3. Try rubbing vs patting
Usually when we think of burping, we think of gentle pats designed to jostle the air bubble up and out.
But I actually found with my daughter, (and a lot of parents have found this, too) that firmly rubbing the back seemed to work a lot better.
I mean, I’d really get in there!
Rub with some pressure (not too much!). Rub in circles. Rub up and down. Rub back and forth.
Suddenly, out of nowhere, you’ll hit “the spot” and that air bubble will finally come out.
I’ve always liked rubbing better than patting for burping, I think partially because you can be a little bit more vigorous without hurting baby accidentally (like you could by patting too hard).
4. Lean them gently forward & backward
You can also try a method that doesn’t involve rubbing or patting at all.
If you think of a burp as an air bubble that’s trapped in the stomach, you can simply try to jostle it out by gently moving baby’s whole body.
Try sitting them on their butt, torso upright, and gently rocking them forward and back. Forward and back. Forward and back.
Just don’t go too fast, or they’ll hurl!
But this rhythmic movement is great at helping gas untrap itself.
5. Bicycling & other limb or body movements
Bicycling is a great way to get a baby to fart, but it can also work for basically any kind of gas that needs to get out!
Lay baby on his back, and gently push his knees up to his chest, one at a time, alternating one then the other.
(It’ll look like he’s pedaling a bicycle.)
This puts some really good but gently pressure on different areas of the abdomen and helps both farts and burps come out!
You can also try “elbow to knee,” from the same position.
Gently pull his left elbow to touch his right knee, and then do the other side.
6. Skip the burp!
There’s really no rule that says baby has to burp during or right after a feeding.
If baby isn’t visibly uncomfortable or upset by gas, just let it go and don’t worry about forcing a burp out.
Again, you should use your parental intuition to know when baby needs to burp. But don’t feel the need to follow this ritual of burping at every single feeding.
Besides, if you really just CAN NOT get a burp out, that’s a pretty good sign that there’s no burp in there to even get out!
Some parents like to wait about 20 minutes, and if baby won’t burp after 20 minutes, they’ll try the whole process over again.
7. Talk to a doctor
If you’ve tried everything, and you just can’t get baby to burp, and you KNOW the gas is causing him pain or discomfort, it might be time to call in the experts.
Talk to your pediatrician about the problem.
It’s possible he or she will prescribe gas drops or other relief options like gripe water.
I wouldn’t use these without consulting your doctor first, but they can be good solutions for babies who have serious problems with gas due to feedings.
What the experts say about burping difficult babies
I reached out to a few pros to get some more tips and paint a picture of the current thinking around what to do if your baby just won’t burp!
Dr. Charles Shubin of Mercy Medical Center prefers the classic over-the-shoulder technique, even for tough burpers.
“The technique I like, based on anatomical principles, is to have the baby tilted 45 degrees to the baby’s right on the burper’s shoulder,” he writes. “This position makes it easiest for the air bubble to find it’s way up the esophagus from the stomach.”
An oldie but a goodie!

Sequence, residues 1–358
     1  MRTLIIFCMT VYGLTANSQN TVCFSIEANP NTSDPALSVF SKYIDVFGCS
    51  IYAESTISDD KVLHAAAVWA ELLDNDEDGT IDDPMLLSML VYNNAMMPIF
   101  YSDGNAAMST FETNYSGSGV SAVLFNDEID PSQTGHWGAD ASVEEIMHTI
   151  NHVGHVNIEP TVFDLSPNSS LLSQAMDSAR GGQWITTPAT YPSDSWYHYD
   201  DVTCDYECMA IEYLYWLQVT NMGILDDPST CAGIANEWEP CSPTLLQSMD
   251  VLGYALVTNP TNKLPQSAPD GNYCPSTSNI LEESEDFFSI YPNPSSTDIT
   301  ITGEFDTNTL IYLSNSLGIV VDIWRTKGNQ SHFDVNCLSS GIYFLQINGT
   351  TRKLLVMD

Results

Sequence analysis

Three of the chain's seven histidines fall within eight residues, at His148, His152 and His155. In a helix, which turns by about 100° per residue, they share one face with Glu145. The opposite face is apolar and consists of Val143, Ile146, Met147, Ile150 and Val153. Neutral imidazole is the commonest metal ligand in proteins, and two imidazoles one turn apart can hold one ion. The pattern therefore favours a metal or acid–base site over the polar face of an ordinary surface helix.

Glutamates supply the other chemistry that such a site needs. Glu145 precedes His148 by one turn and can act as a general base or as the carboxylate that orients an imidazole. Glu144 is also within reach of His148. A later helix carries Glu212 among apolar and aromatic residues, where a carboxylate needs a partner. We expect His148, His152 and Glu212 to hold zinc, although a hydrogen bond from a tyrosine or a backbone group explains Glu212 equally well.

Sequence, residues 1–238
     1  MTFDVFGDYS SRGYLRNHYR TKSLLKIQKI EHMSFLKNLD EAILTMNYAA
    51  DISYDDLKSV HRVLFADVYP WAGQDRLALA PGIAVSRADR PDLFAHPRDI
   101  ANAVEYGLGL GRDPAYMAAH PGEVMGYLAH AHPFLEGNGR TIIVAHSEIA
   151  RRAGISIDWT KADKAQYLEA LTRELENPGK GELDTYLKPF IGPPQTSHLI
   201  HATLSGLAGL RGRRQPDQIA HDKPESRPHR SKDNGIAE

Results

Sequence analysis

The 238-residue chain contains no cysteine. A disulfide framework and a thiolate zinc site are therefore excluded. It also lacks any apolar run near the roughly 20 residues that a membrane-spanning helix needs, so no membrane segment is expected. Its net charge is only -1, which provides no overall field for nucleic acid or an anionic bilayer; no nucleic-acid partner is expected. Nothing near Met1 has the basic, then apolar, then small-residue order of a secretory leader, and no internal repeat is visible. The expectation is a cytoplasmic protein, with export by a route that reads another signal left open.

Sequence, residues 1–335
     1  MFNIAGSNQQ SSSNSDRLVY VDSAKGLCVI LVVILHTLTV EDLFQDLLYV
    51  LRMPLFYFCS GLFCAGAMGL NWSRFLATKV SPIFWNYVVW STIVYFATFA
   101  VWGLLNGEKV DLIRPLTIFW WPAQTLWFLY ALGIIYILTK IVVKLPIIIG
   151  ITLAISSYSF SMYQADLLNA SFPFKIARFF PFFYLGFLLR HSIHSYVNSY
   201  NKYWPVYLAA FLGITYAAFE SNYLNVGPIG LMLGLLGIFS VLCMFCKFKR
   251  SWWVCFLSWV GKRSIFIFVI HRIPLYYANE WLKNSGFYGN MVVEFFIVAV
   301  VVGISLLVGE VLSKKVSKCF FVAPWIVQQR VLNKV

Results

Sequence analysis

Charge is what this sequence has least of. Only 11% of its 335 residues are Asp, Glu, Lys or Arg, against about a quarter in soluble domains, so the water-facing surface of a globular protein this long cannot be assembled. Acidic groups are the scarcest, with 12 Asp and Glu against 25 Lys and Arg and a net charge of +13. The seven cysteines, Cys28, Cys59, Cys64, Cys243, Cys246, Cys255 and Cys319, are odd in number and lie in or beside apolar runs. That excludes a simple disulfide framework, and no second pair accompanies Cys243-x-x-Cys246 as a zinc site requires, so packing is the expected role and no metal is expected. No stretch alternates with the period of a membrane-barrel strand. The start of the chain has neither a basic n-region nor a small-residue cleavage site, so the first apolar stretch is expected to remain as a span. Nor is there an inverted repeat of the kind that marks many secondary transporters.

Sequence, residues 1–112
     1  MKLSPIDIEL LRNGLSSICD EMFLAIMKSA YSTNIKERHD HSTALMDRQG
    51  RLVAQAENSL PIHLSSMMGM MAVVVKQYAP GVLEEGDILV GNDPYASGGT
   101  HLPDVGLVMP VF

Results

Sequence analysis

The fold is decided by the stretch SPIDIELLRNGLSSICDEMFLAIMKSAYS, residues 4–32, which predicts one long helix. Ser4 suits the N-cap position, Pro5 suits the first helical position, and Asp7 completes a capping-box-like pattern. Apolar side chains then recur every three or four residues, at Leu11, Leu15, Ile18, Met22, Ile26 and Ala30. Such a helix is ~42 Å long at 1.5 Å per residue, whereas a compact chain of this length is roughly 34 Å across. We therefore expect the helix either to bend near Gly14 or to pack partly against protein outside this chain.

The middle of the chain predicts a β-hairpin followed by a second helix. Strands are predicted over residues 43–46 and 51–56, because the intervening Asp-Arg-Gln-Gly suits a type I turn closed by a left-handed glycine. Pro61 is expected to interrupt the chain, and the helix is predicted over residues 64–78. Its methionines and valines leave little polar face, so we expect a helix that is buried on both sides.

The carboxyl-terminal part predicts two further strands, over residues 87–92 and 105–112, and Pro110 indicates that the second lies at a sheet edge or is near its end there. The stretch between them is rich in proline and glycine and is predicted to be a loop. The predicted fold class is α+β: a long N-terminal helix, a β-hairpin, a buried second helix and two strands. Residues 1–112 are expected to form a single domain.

“Not every baby NEEDS to be burped all the time,” reminds Newborn Care Specialist and Doula Devon Clement.
“If their body is relaxed and they’re sort of soft and floppy, they’re probably fine. Once they seem a little agitated or start refusing to feed, then it’s probably a burp brewing.”
She prefers having baby sitting on your lap with knees bent to get things moving, or even laying them down on their back (but only brief) to stir up the air bubble.
BONUS: Is a fart the same as a burp for babies?
You might be wondering if your baby won’t burp, but lets out a little gas, if that’s just as good.
The answer is… it’s similar!
Of course, gas (also sometimes referred to as farts or wind in baby world) and burps are different. Gas has passed through the digestive system, but can be made up of swallowed air from feeding just like a burp.
If your baby is passing gas during or after a feeding, that’s a good sign that they’re getting rid of trapped air, though it may be uncomfortable for them while passing through their system.
The good news is that if your baby seems uncomfortable, there are lots of methods and products to help encourage that gas to come out.
The Windi Gas and Colic Reliever (Amazon link) from the folks at NoseFrida is a great, simple tool that helps reduce colid and fussiness in babies that are having trouble getting rid of excess air swallowed during feeding.
If you take one thing away from this article, it should be that there’s no rule or law that says a baby has to burp at every feeding!
Save your sanity and don’t spend hours and hours trying to force out a burp that will never come.
Go off your baby’s own cues. If he’s fussy or agitated after a feeding, there might be some gas. If he seems fine, don’t stress about it!
And I’m not just pulling this out of nowhere — there is very little scientific evidence that says ritual burping has any benefits for babies. And the limited data we do have says burping might actually cause babies to spit up more often.
But if you do need to get baby to burp and you’re having trouble, my best advice is to try lots and lots of different positions and variations. It may be that you just haven’t found what works for your baby yet.
If you’re getting nowhere and the problem’s getting worse, talk to a doctor about whether you should try using gas drops or gripe water.
For more newborn guides, check out:
Hope this helps!